The ram is shown with a protective boot 14 so arranged as to prevent the ingress of electrolyte solution into the mechanism. The electrode proper is mounted in a hollow header 16 and is connected by a conductor 18 of adequate electrical capacity to the negative side of a power supply unit which is not shown, but which is capable of supplying a low voltage (5 to 15 volts, high density (100 to 8000 :amperes per square inch) direct up to a saturated solution, then when the work material is steel the decomposition product is found to be iron hydroxide. This is found in finely divided particles which, however, tend to coalesce or flocculate to form visible flocs. This material, if it is allowed to accumulate in the electrolyte supply system, gradually thickens the mixture and, if a excessive amount is allowed to accumulate in the system, it impairs its satisfactory operation. Thus, it is necessary to remove this material.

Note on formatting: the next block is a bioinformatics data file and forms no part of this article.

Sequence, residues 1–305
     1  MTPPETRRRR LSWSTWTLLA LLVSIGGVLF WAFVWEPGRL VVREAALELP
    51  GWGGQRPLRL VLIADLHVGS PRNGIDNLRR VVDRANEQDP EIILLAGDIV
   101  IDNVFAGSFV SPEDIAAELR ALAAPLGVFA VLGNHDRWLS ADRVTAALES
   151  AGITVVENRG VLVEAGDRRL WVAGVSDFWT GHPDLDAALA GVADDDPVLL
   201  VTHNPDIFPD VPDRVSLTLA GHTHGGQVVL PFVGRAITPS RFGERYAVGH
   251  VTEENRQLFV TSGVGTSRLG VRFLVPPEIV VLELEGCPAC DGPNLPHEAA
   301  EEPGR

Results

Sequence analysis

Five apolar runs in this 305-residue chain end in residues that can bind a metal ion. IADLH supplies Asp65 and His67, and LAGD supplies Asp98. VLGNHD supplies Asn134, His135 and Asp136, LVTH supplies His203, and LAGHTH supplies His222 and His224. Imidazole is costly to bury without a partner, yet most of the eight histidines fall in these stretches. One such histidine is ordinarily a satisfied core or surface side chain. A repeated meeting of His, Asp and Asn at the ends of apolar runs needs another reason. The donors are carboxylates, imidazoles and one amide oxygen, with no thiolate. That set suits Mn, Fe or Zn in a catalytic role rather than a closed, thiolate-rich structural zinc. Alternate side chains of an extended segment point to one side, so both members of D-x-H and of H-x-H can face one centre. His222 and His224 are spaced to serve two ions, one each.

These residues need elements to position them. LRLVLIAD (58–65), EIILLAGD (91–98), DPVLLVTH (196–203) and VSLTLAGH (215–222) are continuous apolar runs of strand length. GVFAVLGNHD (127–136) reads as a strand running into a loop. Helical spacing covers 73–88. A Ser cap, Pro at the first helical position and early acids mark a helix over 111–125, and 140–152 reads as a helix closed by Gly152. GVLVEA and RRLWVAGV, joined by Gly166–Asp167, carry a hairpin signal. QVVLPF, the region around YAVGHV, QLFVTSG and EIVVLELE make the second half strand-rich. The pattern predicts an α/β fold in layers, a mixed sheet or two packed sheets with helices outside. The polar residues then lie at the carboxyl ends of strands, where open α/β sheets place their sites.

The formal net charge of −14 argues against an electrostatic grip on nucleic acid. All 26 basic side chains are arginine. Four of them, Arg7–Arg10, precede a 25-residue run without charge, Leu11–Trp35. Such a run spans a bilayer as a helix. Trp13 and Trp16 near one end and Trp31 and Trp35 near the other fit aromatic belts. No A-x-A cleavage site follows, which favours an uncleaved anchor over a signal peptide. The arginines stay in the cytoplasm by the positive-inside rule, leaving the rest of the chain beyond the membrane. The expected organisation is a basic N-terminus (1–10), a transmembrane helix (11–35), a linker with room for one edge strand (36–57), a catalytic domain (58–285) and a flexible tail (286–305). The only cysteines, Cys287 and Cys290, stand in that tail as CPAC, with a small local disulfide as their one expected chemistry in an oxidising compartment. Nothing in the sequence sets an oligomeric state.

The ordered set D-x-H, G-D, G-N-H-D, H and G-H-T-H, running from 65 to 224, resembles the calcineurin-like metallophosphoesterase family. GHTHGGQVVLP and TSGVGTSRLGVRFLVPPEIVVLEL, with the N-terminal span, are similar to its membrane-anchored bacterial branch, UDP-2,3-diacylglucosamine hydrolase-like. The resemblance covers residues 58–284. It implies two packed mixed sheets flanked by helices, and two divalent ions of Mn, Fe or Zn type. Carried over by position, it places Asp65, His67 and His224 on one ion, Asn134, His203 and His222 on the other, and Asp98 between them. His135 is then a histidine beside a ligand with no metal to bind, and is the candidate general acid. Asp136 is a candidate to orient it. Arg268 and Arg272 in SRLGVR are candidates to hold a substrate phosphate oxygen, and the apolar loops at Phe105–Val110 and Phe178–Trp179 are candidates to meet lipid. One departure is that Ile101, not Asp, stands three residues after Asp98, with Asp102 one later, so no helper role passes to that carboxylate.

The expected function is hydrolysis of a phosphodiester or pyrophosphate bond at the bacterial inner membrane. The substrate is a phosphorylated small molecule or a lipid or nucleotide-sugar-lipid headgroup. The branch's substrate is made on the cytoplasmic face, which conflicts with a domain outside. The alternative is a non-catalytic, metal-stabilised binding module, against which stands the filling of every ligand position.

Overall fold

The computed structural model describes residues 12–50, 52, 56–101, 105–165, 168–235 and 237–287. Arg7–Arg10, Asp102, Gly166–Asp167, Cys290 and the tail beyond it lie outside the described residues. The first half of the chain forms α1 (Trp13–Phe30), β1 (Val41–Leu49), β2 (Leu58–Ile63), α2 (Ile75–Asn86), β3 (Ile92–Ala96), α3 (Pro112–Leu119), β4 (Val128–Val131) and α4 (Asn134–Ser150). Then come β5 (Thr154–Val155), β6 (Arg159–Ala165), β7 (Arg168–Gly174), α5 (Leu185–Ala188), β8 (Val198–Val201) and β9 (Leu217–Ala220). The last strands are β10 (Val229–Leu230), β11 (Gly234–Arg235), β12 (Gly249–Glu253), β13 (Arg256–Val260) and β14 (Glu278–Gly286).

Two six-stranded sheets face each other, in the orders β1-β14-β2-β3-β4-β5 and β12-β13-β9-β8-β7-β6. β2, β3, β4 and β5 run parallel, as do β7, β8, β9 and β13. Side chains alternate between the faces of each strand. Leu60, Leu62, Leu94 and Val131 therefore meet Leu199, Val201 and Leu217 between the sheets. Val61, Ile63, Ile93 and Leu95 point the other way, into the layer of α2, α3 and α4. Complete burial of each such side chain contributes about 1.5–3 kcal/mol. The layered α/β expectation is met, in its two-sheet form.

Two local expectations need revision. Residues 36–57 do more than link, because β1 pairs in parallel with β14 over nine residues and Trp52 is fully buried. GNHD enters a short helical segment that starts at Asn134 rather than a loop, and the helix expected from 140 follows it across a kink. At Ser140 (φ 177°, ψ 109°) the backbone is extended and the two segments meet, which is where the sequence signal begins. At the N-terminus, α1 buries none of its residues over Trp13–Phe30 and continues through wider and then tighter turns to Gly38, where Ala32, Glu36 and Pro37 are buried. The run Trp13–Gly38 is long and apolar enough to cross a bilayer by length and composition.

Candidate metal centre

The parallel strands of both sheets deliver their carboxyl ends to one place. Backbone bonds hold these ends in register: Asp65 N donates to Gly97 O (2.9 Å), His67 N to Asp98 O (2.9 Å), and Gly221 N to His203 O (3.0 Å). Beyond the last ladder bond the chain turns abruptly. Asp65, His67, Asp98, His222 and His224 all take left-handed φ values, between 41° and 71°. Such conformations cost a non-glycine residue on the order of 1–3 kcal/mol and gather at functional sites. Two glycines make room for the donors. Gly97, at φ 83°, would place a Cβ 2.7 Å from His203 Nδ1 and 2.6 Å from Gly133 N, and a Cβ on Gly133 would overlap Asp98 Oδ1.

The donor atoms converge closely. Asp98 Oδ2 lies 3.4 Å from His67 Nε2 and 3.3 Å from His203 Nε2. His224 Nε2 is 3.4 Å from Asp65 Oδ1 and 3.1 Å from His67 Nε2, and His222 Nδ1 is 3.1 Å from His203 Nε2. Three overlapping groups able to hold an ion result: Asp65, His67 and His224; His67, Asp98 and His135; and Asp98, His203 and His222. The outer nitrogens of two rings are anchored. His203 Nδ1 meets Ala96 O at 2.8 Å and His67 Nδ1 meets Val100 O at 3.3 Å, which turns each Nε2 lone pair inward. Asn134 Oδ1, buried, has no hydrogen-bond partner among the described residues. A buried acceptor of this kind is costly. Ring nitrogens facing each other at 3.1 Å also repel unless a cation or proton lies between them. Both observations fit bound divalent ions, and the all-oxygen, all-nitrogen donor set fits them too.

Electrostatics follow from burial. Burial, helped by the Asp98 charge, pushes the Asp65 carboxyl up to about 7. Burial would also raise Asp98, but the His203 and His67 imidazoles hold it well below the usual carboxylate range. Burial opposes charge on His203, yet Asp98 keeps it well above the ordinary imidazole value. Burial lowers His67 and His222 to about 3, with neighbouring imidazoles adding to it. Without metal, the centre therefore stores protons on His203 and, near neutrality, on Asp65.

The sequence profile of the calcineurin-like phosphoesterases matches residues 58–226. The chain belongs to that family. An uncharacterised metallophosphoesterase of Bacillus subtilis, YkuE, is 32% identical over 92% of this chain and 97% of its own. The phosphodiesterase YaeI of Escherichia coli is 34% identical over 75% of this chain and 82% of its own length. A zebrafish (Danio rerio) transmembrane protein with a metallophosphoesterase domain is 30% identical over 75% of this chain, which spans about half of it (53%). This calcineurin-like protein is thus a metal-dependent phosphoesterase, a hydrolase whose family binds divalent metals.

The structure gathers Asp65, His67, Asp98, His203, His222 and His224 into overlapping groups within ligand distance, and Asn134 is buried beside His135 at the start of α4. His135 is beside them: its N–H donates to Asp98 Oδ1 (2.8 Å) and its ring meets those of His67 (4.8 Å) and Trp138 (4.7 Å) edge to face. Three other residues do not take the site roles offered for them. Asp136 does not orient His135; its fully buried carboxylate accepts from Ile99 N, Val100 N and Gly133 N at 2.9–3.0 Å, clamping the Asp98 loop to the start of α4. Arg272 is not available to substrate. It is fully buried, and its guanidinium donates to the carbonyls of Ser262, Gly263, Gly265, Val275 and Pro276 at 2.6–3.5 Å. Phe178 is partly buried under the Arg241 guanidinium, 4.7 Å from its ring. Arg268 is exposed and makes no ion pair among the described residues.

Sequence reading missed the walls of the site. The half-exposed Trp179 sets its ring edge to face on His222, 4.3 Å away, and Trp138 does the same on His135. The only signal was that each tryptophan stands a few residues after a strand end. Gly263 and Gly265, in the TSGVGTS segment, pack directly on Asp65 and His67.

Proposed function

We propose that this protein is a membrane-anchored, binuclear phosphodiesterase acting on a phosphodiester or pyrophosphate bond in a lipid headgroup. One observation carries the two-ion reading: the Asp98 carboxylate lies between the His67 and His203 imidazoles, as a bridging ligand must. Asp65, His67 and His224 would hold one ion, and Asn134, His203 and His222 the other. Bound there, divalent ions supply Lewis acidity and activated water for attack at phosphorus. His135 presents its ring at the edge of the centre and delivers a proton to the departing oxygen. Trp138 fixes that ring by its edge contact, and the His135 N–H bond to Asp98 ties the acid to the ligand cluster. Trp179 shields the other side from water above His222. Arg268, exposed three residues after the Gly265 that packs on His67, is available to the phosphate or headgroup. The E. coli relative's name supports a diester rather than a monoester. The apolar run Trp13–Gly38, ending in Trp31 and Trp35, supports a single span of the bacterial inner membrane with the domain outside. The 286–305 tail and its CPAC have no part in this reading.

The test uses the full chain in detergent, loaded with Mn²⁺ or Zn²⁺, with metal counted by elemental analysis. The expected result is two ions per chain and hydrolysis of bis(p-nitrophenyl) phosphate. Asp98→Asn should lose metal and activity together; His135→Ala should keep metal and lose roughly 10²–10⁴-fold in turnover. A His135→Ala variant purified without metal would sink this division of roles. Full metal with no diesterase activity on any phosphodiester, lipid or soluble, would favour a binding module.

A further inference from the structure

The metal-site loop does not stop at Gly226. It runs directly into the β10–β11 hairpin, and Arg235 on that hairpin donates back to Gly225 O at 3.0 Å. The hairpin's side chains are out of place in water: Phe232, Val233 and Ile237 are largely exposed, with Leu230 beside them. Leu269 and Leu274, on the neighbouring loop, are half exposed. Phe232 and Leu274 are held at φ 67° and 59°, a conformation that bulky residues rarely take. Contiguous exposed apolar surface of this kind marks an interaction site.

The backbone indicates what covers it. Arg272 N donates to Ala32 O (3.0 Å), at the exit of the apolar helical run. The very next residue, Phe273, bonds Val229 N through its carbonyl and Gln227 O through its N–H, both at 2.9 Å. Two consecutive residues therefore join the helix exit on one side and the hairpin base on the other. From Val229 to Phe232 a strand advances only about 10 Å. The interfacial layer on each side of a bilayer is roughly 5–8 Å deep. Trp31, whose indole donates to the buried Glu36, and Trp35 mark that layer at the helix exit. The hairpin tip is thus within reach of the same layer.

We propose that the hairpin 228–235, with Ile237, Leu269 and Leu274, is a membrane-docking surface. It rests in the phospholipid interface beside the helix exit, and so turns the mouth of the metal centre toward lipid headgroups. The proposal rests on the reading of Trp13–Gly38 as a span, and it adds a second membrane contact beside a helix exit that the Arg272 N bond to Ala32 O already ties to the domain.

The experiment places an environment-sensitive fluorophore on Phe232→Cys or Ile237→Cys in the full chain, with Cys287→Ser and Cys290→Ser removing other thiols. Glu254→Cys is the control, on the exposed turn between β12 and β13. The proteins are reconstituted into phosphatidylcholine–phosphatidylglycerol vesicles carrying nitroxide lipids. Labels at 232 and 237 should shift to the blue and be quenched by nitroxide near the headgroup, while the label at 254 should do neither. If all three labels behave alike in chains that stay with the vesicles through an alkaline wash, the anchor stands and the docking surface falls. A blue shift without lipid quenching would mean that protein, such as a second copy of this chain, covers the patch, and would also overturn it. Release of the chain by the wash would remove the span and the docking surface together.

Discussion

This may be done by filtration, but the nature of the material to be removed is such that the filter areas, and consequently, the size of filtering equipment, must be quite large. The material may also be removed by the use of a'centrifuge, but this equipment is also quite large and costly. The material may also be removed by use of a settling tank, and here the addition of coagulating agents is helpful. Still, the size of the tank required for current between the work piece W and the electrode 10. The work W is mounted on a work table 19 and is connected by a conductor 20 to the positive pole of the power supply unit (not shown).

The electrode 10, which is insulated on its interior and exterior surfaces, 'is here shown partly in section, and it should be understood that it has a central bore and a tip at the working end slightly larger than the diameter of the electrode after giving account to the external insulation which surrounds it.